I live in Silicon Valley

The counselor said neighbors had made a complaint about me. We talked it out and things are back to normal. But during the conversation I told her that you have to be a little aggressive or people will roll right over you. She acted like I said something weird.
This is friggin Silicon Valley, birth of the electronic boom that in the '90s was making new millionaires every day. There is so much competition here and it is so fast paced and everybody is looking for a piece of that pie that will guarantee that they are set for life. Traffic is insane here. I want a piece of the pie too. I kinda already have it. Maybe I’m ungrateful for what I got.

Work was pretty good today. I keep posting that people are nice here in the Army Reserve building. Because it’s true.

When I get tired (which is all the time), it’s almost like I’m drunk and my many inhibitions seem to go away. People like me more and are friendly and I am always friendly so people treat me good. But I was cleaning the lobby today (almost my most hated task) and I was talking to the security guards and I commented to him that the people are so friendly here and I was surprised.

He agreed and said, yeah the people just want to be here and work and get the job done. I told him that I think the soldiers are so cool because most of them are secure and the guard totally agreed with me. Yeah, it was a good day about half the time. My supervisor came to check on me when I was doing some dusting and we got in a conversation. I think maybe he was just stressed and wanted to unwind and talk to somebody and I’m pretty mellow so he talked about his father and he talked about Vietnam (he was in the war; we’re both old coots.) and he told me a little about my co-workers and how the biker got sent home today for being inappropriately angry and how the other guys were causing trouble. We both knew I don’t cause trouble.

It was just a conversation but I think I gained a little respect in his eyes because I opened up and as he walked away he said "see you later’ but yeah, he said it sincerely and respectfully.

It felt good to make the connection. The female boss and I get along but I think she doesn’t understand that I don’t want anything from her but just to talk normally and get along. It’s been a year now and we have normal conversations and have a few laughs but she doesn’t understand I think she’s cool and have nothing against her. It’s cool I’m sure she’ll eventually come around and join the 77nick77 fan club like everyone else. I guess I kinda grow on people after awhile, sorta like a fungus or something.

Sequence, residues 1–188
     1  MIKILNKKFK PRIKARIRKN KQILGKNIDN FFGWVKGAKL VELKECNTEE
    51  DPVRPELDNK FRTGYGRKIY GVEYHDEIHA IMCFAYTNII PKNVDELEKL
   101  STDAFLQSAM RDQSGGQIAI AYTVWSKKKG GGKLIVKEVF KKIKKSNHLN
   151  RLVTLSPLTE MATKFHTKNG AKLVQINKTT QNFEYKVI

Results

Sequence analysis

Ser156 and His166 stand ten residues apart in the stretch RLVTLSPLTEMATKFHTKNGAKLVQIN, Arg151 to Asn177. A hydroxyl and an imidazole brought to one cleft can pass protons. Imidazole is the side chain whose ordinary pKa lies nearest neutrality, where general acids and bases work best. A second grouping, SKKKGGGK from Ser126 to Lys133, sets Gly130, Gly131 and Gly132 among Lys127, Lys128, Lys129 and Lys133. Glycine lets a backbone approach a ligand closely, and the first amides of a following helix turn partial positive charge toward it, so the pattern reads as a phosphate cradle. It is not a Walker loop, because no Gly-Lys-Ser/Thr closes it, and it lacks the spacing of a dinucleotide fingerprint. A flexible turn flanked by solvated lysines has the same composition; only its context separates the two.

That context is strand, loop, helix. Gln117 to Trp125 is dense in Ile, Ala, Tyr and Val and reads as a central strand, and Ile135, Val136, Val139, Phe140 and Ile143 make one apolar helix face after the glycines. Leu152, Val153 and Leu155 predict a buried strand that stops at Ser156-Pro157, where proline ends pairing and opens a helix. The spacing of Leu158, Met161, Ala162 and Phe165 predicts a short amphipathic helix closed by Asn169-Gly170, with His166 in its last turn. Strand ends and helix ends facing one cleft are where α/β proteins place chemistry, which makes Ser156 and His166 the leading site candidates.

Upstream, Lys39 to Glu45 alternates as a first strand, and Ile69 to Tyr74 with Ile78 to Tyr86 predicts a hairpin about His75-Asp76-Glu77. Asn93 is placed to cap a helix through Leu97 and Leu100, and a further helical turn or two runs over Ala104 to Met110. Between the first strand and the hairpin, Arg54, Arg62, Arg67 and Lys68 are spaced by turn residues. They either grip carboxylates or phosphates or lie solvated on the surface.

You’re a WONDERFUL person, so it makes sense that the guard, supervisor, and female boss respect and appreciate you! Very glad to hear about your special, meaningful day!


Thanks @FlyingPurplePeopleMeeter. Back atcha. That’s always nice to hear. And I felt so good after work that I was friendlier to most other drivers than usual in heavy traffic I guess I’m maturing faster than usual.

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So glad you felt free to be kind!

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Your postings are always interesting. I was in Silicon Valley in 2000, I understand that traffic can be quite insane there, different from my traffic here. I wish you all the best.

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The @77nick77 fan club, AKA schizophrenia.com! We all love you here. I’m glad your coworkers are chill, and that you were able to sort out your neighbor problems.

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I was in Palo Alto in 2001. Schizophrenia.com sent me there to help a young man.

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Where is sillicon valley?

California I think it’s somewhere in the middle or north of the state there’s just a lot of techie people working there and they all take tiny doses of lsd and mushrooms and go to work because they think it increases productivity and creativity Tell me if I’m wrong @77nick77


Interesting 15 15

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Why is it called Silicon?

I knew a girl at my first college that was from silicon valley. She now doesn’t work but posts instagram images of all the expensive food she eats while living in NYC. Her moms have a lot of money.

You’re wrong @Jonnybegood. They take HUGE doses.

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Main article: Semiconductor device fabrication

Silicon wafer with mirror finish

Most elemental silicon produced remains as a ferrosilicon alloy, and only approximately 20% is refined to metallurgical grade purity (a total of 1.3–1.5 million metric tons/year). An estimated 15% of the world production of metallurgical grade silicon is further refined to semiconductor purity.[64] This typically is the “nine-9” or 99.9999999% purity,[65] nearly defect-free single crystalline material.[66]